Portrait of Edward Penfield by William Vander Wyde (1871?-1929) from a negative, gelatin on glass in the possession of George Eastman House. Gift of New York Public Library Edward Penfield was born in Brooklyn NY in 1866. I’m guessing that the photo above was taken during the last decade of the 19th century when Penfield had begun to make his mark in the New York literary scene as an influentional illustrator, designer, and art editor of Harper’s Monthly Magazine, Weekly, and Bazaar from 1891 through 1901. His outstanding work in a student exhibition at the Art Students League had caught the attention of Harper’s art editor of the time and he was given illustration assignments such as this one for a feature at the back of the book, Editor’s Drawer, for the December 1896 issue of Harper's Monthly Magazine. It appears to have been drawn in pen with a spatter technique as background.
Click on the image to enlarge the drawing.
Illustrations in two colors from a story in Scribner's Monthly Magazine for May 1903. This is the title page and inserted illustrations follow. Penfield has changed his style and now signs his work with a chop.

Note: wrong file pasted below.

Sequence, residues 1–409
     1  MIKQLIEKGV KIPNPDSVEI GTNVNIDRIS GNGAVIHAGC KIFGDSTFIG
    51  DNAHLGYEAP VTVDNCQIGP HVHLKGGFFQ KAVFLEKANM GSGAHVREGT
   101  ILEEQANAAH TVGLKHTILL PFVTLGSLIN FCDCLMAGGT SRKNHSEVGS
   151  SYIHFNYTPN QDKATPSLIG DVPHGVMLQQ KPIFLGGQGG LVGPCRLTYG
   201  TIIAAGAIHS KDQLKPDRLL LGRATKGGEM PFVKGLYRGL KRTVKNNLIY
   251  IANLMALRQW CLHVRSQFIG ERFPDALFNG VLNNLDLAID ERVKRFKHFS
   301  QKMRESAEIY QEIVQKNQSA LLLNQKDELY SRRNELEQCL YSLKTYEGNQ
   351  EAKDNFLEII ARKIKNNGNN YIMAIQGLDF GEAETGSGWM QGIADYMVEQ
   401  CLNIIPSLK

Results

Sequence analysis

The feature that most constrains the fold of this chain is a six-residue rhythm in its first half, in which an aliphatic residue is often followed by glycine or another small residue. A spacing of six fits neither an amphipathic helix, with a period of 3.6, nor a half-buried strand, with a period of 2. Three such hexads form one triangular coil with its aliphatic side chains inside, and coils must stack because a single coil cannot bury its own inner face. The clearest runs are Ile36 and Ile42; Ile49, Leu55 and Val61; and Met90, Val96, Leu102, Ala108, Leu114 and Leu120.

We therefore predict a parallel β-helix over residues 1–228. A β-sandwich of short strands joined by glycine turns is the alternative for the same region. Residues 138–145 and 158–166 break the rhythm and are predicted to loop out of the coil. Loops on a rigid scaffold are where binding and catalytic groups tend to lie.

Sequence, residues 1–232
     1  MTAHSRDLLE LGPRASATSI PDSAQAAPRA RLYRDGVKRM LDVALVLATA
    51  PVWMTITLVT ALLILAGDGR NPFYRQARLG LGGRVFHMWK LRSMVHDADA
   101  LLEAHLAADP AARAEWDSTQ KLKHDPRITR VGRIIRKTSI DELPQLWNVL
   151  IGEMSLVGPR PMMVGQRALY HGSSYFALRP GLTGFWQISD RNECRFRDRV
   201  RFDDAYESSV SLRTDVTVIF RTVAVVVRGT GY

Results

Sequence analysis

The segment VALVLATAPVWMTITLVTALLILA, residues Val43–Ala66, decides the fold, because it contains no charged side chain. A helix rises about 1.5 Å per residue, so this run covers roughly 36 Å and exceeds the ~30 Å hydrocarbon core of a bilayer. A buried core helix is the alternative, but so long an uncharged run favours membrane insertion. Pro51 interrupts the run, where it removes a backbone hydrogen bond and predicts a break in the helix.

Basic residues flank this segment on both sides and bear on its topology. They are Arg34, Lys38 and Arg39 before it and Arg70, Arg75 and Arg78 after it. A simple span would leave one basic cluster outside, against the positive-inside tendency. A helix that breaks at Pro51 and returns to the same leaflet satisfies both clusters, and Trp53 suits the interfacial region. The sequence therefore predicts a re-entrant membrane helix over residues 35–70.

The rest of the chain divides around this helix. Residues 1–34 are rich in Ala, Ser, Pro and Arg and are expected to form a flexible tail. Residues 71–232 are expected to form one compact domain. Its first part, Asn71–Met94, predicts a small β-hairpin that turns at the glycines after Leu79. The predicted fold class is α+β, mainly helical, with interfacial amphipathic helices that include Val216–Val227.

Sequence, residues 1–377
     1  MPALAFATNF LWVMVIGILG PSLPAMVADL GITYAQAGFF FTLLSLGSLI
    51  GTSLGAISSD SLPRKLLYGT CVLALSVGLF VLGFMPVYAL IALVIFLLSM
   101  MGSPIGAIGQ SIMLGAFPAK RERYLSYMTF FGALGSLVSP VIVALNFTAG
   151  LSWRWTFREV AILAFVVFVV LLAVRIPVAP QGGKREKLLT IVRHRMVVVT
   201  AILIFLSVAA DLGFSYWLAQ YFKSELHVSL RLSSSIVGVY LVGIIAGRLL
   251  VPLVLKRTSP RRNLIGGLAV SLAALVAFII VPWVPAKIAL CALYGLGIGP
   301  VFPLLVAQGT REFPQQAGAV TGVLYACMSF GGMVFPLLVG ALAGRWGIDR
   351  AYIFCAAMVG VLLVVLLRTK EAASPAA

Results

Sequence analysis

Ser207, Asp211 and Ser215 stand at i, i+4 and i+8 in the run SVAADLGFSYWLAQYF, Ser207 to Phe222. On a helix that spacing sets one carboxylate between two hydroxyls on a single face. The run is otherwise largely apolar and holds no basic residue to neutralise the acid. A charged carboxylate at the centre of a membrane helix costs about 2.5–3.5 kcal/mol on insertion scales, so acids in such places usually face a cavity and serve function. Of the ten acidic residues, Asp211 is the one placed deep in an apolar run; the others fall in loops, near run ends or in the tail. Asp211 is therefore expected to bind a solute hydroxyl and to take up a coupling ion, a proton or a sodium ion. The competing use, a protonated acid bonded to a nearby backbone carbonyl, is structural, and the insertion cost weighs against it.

I've always loved this drawing. It was used only 2 x 2.5 inches in size. That is one very fine action horse drawing and had to be drawn from a photograph. Click on image to enlarge.
It looks like brush or brush and a very flexible dip pen. The textured pattern is similar to that achieved by drawing with litho crayon on coquille board, as many newspaper cartoonists did at that time and in later years. That's awfully good anatomical drawing. It might have had its origins in a photo, or portions thereof, but Penfield has made the work all his own.
These two guys in the foreground look photographic because of the lack of depth. The entire group looks as if they were photographed with a longer than normal lens. A critical comment might be that they all look too much alike to anyone who has ever attended a track meet. But then I haven't read the text, so maybe they are supposed to resemble each other.
These characters are diverse and well delineated. More to come. Stay tuned.